> So I didn't follow this issue any further because I wouldn't support
> this
> particular dichotomy at any but a superficial level. I think discourse
> is
> always, along with other elements of material culture, part of
> constituting
> the project. I see conflict as essentially indistinguishable from
> collaboration and the material/ideal distinction between project also
> untenable. Anyway, Gordon gave three reasons for not making this
> distinction and that was good enough for me.
> Andy
> At 02:41 PM 1/10/2007 -0500, you wrote:
>> Hello, xmca:
>> I'll take a shot at the Wells article, as usual, from the point of view
>> of a labor educator.
>> As I read it, he's distinguishing between the use of language as
>> "ancillary" to an activity and the use of language that actually
>> constitutes what participants are doing. When people use language to
>> coordinate activity, that's "ancillary." When the thing that has to
> "get
>> done" is itself made out of language (he gives the example of a meeting
>> with an agenda and agreed-upon decisions to be made - p. 167) then
>> that's "constitutive discoursing," the co-construction of "possible
>> worlds" (he references Bruner). However, he's saying, this distinction
>> has already been made (by Halliday). Wells then says that the
>> distinction between the two is not always clear, because people may be
>> co-constructing with different goals in mind. He lists some examples of
>> different goals in the middle of page 173.
>> At this point, I am thinking that Wells is right but I'd like him to
>> give an example where people are co-constructing something but have
> more
>> strikingly different goals in mind -- goals more different than the
>> goals of a trio of researchers observing their own discoursing or even
>> than the goals of a teacher and three students in a busy classroom.
>> Of course I was reading this article keeping in mind the
> co-constructive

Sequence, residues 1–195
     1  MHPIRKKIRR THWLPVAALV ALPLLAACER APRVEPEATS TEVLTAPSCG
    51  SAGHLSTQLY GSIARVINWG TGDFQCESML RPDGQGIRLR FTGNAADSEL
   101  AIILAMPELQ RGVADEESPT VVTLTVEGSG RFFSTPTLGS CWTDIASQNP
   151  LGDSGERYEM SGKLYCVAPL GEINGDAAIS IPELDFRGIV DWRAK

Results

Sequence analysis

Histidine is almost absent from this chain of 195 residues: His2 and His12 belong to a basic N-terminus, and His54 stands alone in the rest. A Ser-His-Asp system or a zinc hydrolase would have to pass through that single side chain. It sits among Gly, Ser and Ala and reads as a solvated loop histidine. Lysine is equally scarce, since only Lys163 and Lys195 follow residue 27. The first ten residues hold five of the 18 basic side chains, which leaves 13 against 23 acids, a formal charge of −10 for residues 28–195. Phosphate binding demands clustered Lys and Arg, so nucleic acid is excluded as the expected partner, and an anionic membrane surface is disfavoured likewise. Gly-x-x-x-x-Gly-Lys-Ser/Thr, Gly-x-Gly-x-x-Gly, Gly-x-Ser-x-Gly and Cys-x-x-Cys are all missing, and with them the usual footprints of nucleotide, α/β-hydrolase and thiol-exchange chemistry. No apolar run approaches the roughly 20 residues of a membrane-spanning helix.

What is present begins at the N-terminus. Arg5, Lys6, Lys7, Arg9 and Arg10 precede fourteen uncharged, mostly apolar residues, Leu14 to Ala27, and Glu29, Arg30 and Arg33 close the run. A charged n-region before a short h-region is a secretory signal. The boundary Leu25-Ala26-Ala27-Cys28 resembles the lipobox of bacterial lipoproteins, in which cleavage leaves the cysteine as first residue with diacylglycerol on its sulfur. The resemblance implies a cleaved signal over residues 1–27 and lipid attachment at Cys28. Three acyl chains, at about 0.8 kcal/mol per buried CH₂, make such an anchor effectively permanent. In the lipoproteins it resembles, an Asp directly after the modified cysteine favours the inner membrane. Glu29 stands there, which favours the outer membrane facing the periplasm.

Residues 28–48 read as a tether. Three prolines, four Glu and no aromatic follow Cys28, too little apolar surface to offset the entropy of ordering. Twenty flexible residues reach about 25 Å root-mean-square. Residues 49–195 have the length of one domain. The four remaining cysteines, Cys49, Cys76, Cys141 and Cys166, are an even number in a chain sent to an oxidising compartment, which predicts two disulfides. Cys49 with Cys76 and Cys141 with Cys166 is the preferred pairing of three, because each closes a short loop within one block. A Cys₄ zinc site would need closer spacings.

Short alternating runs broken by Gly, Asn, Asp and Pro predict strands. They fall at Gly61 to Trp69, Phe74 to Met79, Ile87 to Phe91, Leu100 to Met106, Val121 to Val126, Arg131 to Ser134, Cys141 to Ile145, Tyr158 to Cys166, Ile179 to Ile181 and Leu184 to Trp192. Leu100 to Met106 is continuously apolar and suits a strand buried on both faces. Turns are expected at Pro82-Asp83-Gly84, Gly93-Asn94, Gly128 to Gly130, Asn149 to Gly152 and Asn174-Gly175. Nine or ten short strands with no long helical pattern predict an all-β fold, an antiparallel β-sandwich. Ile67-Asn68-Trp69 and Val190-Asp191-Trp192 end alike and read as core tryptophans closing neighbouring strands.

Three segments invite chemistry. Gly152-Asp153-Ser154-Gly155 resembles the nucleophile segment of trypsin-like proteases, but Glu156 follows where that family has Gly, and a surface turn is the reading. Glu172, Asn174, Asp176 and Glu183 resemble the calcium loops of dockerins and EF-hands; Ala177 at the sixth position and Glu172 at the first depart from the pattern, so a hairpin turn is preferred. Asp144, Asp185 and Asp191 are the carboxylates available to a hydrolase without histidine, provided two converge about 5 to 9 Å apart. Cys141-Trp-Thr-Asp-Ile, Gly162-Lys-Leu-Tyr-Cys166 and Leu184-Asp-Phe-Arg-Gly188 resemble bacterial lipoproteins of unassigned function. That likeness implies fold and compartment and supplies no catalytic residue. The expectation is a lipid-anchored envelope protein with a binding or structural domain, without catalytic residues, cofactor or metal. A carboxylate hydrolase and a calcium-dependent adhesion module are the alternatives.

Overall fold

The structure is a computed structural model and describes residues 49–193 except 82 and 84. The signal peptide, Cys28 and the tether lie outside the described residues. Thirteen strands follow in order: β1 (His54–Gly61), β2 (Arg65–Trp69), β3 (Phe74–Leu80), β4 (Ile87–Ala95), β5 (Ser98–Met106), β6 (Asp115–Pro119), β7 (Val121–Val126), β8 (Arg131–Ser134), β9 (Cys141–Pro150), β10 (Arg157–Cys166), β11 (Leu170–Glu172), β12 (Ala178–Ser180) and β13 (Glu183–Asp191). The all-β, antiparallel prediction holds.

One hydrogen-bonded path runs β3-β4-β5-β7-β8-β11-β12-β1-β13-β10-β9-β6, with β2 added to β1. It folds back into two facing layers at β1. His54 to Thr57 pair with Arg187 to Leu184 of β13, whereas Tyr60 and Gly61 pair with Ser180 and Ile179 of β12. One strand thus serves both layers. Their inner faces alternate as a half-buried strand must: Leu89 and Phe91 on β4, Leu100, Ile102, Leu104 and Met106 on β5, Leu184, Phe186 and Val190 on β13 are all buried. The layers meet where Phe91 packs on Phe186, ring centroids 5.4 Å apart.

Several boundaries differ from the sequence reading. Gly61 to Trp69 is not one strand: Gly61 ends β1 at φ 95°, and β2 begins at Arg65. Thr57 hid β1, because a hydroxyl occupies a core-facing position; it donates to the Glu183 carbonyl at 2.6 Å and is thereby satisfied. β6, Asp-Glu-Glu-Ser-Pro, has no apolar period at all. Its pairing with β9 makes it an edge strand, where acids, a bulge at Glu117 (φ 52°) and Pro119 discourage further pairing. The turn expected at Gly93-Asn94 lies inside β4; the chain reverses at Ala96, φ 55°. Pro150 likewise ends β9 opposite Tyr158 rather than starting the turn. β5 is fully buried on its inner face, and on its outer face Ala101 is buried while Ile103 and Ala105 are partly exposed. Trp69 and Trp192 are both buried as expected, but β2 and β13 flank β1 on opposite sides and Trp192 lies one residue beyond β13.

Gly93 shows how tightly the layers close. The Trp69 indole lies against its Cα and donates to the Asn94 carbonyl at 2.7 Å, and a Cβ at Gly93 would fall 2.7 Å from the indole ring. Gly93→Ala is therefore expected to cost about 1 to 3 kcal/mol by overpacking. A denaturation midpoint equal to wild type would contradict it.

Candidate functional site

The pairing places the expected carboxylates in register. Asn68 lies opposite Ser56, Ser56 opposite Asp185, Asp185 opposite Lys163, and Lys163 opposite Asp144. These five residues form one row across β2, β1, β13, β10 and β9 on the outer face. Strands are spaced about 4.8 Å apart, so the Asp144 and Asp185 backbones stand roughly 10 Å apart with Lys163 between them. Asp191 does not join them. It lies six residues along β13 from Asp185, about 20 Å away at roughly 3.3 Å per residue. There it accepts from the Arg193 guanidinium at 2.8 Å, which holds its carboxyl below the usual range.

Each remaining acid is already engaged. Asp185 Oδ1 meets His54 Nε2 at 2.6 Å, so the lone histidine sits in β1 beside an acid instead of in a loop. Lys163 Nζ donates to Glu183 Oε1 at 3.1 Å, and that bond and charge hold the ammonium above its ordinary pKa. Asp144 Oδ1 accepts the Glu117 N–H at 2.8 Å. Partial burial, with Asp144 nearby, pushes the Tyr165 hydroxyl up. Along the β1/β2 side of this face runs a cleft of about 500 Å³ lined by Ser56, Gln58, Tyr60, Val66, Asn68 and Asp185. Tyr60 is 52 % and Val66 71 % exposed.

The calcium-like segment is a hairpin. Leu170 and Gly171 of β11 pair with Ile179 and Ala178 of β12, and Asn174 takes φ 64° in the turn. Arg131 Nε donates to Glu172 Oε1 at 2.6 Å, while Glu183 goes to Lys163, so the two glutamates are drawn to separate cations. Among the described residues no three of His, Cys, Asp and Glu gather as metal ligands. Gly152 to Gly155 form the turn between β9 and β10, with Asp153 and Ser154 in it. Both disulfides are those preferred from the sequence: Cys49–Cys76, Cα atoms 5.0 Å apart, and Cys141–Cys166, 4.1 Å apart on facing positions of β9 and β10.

>> constitutive discoursing that takes place when workers and employers
>> bargain a contract. The contract is an example of a "possible world."
> It
>> is built up bit by bit over the years, written down and enforced
> through
>> yards and yards, miles and miles of talk. In fact, both the contract
> and
>> the process by which it is negotiated are negotiated. But most helpful
>> of all to me, as I try to understand what is actually happening when
>> people negotiate their conditions of work, was Wells' point that(p 174)
>> the "the participants are not interchangeable." Constitutive
>> discoursing (the co-creation of something through language) is
>> characterized by participants in an itneraction who are not
>> interchangeable. It is the different perspectives of the parties to the
>> negotiation that make the co-construction of something possible.
>> I'm not convinced that the word "discoursing" is going to get into
>> popular use. It may be that Wells doesn't expect it to go much further
>> himself; in fact, he could be putting forth this term ironically, since
>> by the end of the article he appears to have pulled the plug on the
>> notion that discoursing is an activity in its own right.
>> Is there a significant stream of argument that says that the use of
>> language for no other purpose (no co-construction, no constitution) is
>> in itself an activity? Wouldn't that be like carrying a tape recorder
>> down a busy street or drifting from channel to channel on the TV? But
>> then we'd be in the realms of art.
>> I saw Chris Marker's movie, Les Chats Perches (?) last night. Now
>> there's a record of co-construction of an emergent text and possible
>> world.
>> Helena Worthen
>> Helena Worthen, Clinical Associate Professor
>> Labor Education Program, Institute of Labor & Industrial Relations
>> University of Illinois Urbana-Champaign
>> 504 E. Armory, Room 227
>> Champaign, IL 61821
>> Phone: 217-244-4095
>> _______________________________________________
>> xmca mailing list
> Andy Blunden : tel (H) +61 3 9380 9435,
> identity: AndyMarxists mobile 0409 358 651
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Received on Wed Oct 3 07:03 PDT 2007